Female Tech Pioneer’s 10 Solid pieces of Advice JUST for Women Start Up Founders
Last year, I spotlighted Tech pioneer, CEO and Founder of digital customer acquisition company ChannelNet Paula Tompkins who offered 10 solid pieces of advice for women working in the tech industry who may have limited opportunities to “lean in.” And that is where the differences between being an entrepreneur and working for a corporate entity come in.
She cannot “lean in” as Sheryl Sandberg advises in her recent book and try to have it all.
“Entrepreneurs—men and women—have to make sacrifices,” Tompkins sayd. “Having it all is impossible.”
But women entrepreneurs bring something different to the workforce as the owners and bosses, she adds.
For example, she says she has a very collaborative and relationship-focused management and leadership style, not unlike how many women are.
“As a leader, giving performance feedback is a very important part of my role,” she says. “So when I am speak directly to staff about their performance they seem to be surprised…it’s not something they are expecting and they should be.”
Tompkins offers some solid advice and steps for success for women who are business owners in the tech field:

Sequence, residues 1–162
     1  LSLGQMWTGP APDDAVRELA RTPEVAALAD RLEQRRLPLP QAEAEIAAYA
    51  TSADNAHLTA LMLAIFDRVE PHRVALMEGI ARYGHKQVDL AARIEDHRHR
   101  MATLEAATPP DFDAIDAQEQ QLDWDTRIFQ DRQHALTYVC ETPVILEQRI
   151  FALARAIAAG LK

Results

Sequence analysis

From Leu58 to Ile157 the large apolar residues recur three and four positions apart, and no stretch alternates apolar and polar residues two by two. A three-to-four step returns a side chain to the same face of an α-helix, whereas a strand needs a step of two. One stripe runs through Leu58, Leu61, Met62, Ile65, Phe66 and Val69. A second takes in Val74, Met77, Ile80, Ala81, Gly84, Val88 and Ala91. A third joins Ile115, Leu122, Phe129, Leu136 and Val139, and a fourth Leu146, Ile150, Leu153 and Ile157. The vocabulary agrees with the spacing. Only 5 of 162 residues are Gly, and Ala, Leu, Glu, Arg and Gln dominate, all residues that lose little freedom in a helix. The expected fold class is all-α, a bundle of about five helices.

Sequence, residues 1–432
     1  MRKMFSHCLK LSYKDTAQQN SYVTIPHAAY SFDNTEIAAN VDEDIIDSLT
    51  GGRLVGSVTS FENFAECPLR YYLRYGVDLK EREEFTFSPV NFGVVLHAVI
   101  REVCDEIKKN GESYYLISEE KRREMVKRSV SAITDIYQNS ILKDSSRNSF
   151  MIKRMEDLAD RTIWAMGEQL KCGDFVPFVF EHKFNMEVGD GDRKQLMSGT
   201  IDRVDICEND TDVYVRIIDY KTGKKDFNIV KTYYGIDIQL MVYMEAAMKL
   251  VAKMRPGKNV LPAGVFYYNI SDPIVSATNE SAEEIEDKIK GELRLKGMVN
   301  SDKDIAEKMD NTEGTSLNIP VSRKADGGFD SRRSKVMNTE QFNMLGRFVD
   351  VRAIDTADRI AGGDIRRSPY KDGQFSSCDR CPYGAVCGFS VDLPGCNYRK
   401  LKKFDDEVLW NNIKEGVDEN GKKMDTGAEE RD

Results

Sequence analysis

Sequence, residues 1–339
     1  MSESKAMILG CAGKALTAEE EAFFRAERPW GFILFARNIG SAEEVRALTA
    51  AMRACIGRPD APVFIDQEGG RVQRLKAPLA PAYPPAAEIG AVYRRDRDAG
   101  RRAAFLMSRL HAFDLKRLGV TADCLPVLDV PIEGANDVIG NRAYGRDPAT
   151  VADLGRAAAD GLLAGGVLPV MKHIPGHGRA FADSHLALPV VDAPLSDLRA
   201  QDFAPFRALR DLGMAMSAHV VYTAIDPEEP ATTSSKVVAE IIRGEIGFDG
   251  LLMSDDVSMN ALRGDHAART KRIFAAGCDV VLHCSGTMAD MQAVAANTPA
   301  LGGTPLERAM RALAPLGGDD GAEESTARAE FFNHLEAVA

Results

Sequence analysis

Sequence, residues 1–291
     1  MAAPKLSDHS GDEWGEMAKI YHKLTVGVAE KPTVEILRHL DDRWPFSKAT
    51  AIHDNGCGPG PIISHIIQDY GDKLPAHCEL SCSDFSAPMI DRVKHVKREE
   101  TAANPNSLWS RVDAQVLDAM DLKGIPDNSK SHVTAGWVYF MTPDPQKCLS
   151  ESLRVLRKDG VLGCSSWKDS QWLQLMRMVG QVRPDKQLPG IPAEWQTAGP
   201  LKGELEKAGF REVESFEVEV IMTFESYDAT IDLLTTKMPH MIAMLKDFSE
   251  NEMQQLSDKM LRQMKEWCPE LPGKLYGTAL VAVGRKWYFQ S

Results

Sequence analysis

- Prepare yourself. This is big game hunting.
- Make sure you have the resources and available cash in the bank to withstand the scrutiny your organization will be subjected to. This endeavor will be very time consuming and expensive.
- Establish a detailed battle plan. Thoroughly map the organization and assign competent and credible employees to face off with the myriad of cross organizational stakeholders involved in making decisions your company will rely on to thrive. You personally must be committed to driving and participating in the process, which can take months and even years.
- Make sure your feminine intuition is on hyper alert to sniff out subtle queues coming from the organization you are trying to conquer.
- Create an advisory board. They can be great resources. If selected properly, they can bring experience and perspective to the table.
- Network with other entrepreneurs. At times owning a business is a very lonely experience because you are isolated at the top.
- Know when to walk away.
- Be strategic, yet pay attention to the details.
- Trust your instincts
- You are the face of the company—project success and be credible. Retain your true self as a woman and don’t try to be one of the guys, but do join the male conversation.
That is some superb recommendations! Let’s make them work!